Memories of Chidbirth, 1976 by Pitseolak Ashoona (1904-1983), Inuit
Memories of Chidbirth, 1976
by Pitseolak Ashoona (1904-1983), Inuit
Cape Dorset, Nunavut, Canada
stonecut and stencil
17” h x 25” w paper size
“When my first son was born three women held me. It was like that in old times—there would always be women who helped. Afterwards they would make magic wishes for the child—that a boy would be a good hunter, that a girl should have long hair, and that a child should do well at whatever they were doing.” - Pitseolak discussing the origin of the print "Memories of Childbirth" in the book Pitseolak: Pictures Out of My Life, an illustrated oral biography created from recorded interviews by Dorothy Harley Eber in 1970. In these interviews, and through her drawings and prints, Pitseolak makes what Inuit call "the old way" come alive, reflecting on life on the land, its pleasure and trials. Her story later became an NFB animated documentary
Pitseolak was born in 1904 on Nottingham Island in the Hudson Straights, while her family was en route from Sugluk (now Salluit) on the north coast of Arctic Quebec to the south coast of Baffin Island. She spent her childhood in several camps on the south Baffin coast. As a young woman she married Ashoona and she bore 17 children, Pitseolak was the mother of several Cape Dorset artists, the Ashoonas Ottochie, Komwartok, Kaka and Kiawak; and Napatchie Pootoogook. Ashoona died during a epidemic in the Nettling Lake area he was still in his prime, leaving Pitseolak to raise their young family on her own. She settled permanently in Cape Dorset in the early 1960’s.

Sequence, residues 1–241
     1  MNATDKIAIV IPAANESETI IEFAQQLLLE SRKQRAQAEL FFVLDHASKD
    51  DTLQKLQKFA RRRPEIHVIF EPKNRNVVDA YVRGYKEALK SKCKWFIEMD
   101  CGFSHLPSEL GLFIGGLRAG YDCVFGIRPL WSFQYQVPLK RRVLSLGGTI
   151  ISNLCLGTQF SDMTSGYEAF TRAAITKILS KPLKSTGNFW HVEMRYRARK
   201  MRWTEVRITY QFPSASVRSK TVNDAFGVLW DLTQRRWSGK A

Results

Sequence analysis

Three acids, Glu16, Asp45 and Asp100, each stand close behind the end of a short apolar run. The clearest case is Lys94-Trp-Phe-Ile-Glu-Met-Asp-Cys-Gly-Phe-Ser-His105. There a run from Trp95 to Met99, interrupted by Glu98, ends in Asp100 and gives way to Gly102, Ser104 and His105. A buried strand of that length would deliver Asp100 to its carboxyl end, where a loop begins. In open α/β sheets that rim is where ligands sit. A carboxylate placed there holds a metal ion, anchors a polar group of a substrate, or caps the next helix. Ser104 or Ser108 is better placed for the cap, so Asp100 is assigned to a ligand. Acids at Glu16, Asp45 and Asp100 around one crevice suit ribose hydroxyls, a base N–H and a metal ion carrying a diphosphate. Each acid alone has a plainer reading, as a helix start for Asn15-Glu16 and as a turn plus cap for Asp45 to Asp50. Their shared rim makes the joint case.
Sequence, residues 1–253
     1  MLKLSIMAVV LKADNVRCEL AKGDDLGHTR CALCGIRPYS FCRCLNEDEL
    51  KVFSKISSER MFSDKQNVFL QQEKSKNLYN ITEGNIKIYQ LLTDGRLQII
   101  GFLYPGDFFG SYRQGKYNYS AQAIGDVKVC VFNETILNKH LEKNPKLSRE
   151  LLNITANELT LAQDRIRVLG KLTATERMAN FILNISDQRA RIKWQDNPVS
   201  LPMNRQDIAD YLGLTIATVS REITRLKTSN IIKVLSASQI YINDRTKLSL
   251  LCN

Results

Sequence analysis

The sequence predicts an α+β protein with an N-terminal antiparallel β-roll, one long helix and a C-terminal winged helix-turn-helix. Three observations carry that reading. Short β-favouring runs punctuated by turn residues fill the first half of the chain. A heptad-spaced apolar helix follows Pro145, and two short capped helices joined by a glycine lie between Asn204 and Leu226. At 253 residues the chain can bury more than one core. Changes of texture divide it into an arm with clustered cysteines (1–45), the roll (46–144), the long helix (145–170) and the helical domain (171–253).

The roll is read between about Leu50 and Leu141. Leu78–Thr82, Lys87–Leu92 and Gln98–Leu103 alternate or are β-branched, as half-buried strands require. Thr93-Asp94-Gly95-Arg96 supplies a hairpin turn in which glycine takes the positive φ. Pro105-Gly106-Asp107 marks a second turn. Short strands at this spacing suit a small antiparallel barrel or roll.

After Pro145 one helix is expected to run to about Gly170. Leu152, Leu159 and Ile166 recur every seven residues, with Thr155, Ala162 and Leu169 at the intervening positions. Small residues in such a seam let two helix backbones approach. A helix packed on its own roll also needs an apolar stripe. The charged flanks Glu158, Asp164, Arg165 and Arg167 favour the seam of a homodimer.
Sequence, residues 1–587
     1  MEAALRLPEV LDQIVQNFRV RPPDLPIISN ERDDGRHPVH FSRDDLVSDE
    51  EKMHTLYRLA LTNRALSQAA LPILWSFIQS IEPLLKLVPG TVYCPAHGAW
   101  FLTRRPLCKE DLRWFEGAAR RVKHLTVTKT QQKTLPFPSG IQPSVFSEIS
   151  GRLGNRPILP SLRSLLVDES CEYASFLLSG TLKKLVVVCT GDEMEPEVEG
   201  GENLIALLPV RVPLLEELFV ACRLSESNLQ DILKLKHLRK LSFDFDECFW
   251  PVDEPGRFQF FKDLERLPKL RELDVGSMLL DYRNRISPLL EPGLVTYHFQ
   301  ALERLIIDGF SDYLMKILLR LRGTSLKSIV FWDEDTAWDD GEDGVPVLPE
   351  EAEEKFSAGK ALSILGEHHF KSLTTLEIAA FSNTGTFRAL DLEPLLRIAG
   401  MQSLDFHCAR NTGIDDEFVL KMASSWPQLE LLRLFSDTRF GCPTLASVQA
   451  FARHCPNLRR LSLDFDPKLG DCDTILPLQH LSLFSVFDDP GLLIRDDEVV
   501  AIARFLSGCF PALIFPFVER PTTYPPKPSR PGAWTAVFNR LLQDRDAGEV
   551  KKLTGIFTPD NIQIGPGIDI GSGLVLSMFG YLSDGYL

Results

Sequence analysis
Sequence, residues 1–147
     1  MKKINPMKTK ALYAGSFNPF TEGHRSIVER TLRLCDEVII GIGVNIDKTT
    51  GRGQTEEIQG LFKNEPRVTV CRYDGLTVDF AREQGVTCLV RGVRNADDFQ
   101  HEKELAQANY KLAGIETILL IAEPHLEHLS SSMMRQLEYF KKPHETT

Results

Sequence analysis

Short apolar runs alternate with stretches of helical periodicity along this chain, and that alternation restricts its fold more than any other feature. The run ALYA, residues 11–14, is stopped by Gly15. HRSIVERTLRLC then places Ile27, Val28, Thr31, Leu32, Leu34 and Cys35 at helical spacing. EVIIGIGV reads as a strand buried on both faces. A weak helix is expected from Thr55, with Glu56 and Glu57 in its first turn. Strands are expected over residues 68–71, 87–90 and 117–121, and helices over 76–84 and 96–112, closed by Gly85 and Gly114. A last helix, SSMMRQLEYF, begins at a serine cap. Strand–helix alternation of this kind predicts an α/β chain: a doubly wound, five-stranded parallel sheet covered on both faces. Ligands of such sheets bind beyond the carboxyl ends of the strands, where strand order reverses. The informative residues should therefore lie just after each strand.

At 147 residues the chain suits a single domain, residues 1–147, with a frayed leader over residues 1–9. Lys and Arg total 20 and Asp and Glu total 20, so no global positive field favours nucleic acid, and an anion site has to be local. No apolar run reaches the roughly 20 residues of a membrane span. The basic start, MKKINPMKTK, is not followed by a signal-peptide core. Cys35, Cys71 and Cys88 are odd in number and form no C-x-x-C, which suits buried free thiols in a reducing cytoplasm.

Pitseolak was among the first in Cape Dorset to begin drawing, and the most prolific. She made close to 9,000 drawings during her 20 years in Cape Dorset. Her prints have appeared in every annual print collection since her work was first published in 1960. Her best and most authentic drawings were of “the old Eskimo ways”, a way of life deeply embedded in her memory.
Pitseolak was been awarded several honours over the years, and her work has been the subject of several projects. In 1971 the National Film Board produced a film based on her book, “Pitseolak: Pictures out of my life”. In 1974 she was elected a member of the Royal Canadian Academy and she received the Order of Canada in 1977. Pitseolak died in 1983 and is buried behind the Anglican Church in Cape Dorset. She fulfilled her promise to work on her drawings and prints until she was no longer able. Her vast legacy of orginal work now resides on long term loan at the McMichael Canadian Art Collection where it is being photographed, documented and exhibited. - West Baffin Island Co-op, 1999.